Monday, June 1, 2015
It's a fading memory.
Being who you really are
is a thing of the past.
We hide behind our fake image
laser and liposuction
Maybe if we just stopped
took a breath
what we have and
how beautiful authentic is
we would be so much more
|In Deep Red this one is called The Beirut|
I have a friend who lost his hearing 30 years ago in Beirut, Lebanon in the bombing. So I have learned some things about hearing, or the lack there of lately. If I wish to communicate with him, I must at least look directly at him, or even sometimes touch his shoulder or his arm in order to get his attention. Sometimes he has to look directly at you in order to read lips, because his hearing is not working.
My children have no excuses other than they just tune me out. They can't hear me at all, especially when we are talking about chores, homework, or something unpleasant like that.
I have perhaps learned the most about hearing though from those who can't and those who don't speak. I love my dogs, hell I love just about everyone's dogs. I am not a dog trainer, more of a dog rehabilitator. I have taken several abused and neglected dogs and got them back on their feet. The thing about them that I have learned, most of them have been yelled at, chased, threatened, beaten, neglected, ignored, abused, all by humans. The last thing you do is yell anymore. The best action is to hear what they are trying to tell you and it has nothing to do with your ears. It's body language and trust and gentleness and tenderness, and perhaps the most difficult of all, patience. I have set in my yard on my step for an hour or more, trying to get a dog to give and come to me, but unlike people, if you ever conquer that, most likely they will do it again and again. I just sent a dog to Kansas that we had had for a year. I didn't think we would ever get her to come around, but she did and letting her go to someone else and learn to trust someone other than me was hard. She is doing wonderful and the lady who has her likes her and she listened to what I told her.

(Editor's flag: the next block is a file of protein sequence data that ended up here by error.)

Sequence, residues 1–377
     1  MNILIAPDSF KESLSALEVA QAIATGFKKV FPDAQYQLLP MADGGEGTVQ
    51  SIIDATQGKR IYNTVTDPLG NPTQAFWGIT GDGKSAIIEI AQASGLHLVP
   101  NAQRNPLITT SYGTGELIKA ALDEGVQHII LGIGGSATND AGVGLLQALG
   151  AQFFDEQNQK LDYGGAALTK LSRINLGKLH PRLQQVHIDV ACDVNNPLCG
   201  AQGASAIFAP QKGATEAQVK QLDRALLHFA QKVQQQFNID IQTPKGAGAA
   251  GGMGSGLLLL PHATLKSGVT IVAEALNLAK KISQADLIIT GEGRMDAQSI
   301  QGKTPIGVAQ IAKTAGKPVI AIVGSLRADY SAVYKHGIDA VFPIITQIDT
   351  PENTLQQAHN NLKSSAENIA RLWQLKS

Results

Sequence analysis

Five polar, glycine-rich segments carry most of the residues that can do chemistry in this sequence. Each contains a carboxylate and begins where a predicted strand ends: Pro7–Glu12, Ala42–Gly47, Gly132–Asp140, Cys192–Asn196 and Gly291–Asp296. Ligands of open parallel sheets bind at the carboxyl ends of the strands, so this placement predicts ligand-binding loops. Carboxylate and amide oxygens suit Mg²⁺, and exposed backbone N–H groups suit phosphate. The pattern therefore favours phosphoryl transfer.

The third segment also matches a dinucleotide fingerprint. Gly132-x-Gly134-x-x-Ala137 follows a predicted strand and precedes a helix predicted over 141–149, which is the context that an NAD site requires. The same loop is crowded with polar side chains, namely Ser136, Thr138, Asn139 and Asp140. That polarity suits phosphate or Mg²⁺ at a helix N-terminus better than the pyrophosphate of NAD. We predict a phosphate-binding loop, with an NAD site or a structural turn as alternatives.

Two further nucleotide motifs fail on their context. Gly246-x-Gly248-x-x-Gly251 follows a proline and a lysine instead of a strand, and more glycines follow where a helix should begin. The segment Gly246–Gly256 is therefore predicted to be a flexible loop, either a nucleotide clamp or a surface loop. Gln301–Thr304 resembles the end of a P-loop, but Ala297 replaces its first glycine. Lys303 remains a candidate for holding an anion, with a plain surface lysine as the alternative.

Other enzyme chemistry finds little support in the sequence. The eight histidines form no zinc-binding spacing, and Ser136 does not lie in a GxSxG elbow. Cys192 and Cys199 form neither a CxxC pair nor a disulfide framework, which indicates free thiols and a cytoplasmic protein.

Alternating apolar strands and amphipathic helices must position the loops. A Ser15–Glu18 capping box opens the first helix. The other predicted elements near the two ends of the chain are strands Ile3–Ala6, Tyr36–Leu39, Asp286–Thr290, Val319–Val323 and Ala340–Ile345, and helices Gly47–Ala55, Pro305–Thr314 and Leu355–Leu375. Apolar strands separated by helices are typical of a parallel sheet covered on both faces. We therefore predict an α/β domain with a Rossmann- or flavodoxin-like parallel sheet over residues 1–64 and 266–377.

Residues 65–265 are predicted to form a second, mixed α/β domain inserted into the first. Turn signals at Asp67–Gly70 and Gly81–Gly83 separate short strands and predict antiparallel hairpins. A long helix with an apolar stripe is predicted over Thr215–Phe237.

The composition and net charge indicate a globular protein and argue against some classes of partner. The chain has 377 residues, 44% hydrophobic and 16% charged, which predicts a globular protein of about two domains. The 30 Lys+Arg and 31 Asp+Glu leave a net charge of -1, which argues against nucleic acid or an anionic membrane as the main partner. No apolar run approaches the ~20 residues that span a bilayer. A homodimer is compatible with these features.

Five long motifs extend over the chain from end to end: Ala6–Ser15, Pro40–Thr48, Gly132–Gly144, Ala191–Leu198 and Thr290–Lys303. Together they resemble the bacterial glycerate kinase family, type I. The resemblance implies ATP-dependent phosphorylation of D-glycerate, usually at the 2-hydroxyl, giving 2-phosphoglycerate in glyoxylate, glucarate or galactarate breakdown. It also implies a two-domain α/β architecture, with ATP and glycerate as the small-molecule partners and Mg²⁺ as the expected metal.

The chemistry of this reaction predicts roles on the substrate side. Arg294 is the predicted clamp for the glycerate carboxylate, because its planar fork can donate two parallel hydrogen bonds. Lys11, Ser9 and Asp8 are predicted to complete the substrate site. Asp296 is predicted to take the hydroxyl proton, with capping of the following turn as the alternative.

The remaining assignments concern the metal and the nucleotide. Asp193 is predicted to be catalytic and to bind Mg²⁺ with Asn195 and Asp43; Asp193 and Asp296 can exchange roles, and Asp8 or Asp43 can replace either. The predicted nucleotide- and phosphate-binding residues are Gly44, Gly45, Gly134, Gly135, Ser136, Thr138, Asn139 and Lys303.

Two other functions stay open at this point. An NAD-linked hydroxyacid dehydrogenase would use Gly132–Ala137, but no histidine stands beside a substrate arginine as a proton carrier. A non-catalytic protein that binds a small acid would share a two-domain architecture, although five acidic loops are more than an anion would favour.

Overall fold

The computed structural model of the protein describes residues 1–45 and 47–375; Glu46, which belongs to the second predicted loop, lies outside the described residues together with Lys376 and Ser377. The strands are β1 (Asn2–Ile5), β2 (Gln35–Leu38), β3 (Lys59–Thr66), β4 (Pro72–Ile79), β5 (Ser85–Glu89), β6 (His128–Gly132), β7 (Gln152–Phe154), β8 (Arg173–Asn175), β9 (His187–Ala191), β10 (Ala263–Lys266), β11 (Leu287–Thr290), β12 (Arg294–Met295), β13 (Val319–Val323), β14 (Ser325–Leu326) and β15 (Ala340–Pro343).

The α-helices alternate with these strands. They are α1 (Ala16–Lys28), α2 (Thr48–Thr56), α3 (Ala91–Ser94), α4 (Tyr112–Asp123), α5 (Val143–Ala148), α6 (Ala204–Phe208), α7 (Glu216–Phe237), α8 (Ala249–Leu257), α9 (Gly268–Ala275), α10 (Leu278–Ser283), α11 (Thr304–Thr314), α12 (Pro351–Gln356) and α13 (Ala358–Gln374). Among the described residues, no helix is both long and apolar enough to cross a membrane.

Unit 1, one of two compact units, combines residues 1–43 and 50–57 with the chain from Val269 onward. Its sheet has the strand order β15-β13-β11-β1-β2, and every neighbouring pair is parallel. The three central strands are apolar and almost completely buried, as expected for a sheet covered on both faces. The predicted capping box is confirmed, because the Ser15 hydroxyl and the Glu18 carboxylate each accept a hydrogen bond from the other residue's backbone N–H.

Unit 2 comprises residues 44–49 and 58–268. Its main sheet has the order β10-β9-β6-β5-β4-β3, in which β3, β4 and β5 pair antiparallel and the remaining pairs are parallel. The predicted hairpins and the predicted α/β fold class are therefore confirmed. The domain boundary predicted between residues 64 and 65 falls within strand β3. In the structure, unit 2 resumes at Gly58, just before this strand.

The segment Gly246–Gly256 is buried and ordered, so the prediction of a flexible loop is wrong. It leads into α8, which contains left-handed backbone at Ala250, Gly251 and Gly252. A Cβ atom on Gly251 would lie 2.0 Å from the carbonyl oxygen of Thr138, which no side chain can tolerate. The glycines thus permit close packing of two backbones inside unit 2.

When Oakley was little she would take my face in her hands and turn it so I
had to look her in the eye, "Listen to me Mama." It had nothing to do with my ears or my hearing.
So this day I am thankful for hearing, but hear with your heart, with patience, with understanding, hear with your eyes too, for this is truly the best kind of communication. One cannot hear when your lips are flapping.
I am thankful for a kitchen, particularly the kitchen table. I am amazed at the number of younger women who can't cook, so is lost the significance of the kitchen... My sister has a sign in her house that says, "I have a kitchen because it came with the house."
My kitchen, like my grandmother's and my mother's and all the neighbors that I grew up around is the center of attention. That's where we prayed before a meal, and we still do say Grace. I now have my Grandmother's kitchen table in my house. That's where we memorialized lost loved ones, that's where we played cards to the wee hours of the morning waiting for a heifer to calve, or the brand inspector, or the vet, or the horse shoer or the trucks. That's where Dad cleaned his guns, and where Mom kneaded bread. That's where they sold calves to the buyers, and where you drank coffee with a neighbor and cussed the economy, or the administration.
That's where you fought with your siblings over who had to clean up, and did endless hours of homework. That's where Mom used to cut out patterns for Dad's shirts, and where the canned goods sat to cool before they went to the cellar. It's where we had the most engaging and memorable conversations. The night before my Dad died, I had judged a horse show in Terry, MT and I stopped at the folks before I went on home. Dad and I sat at their kitchen table and drank iced tea and talked for four hours. It was late when I got home, Kurt was already in bed, and I will never regret one minute of my time sitting at my folk's kitchen table. --Nelseena Lehmann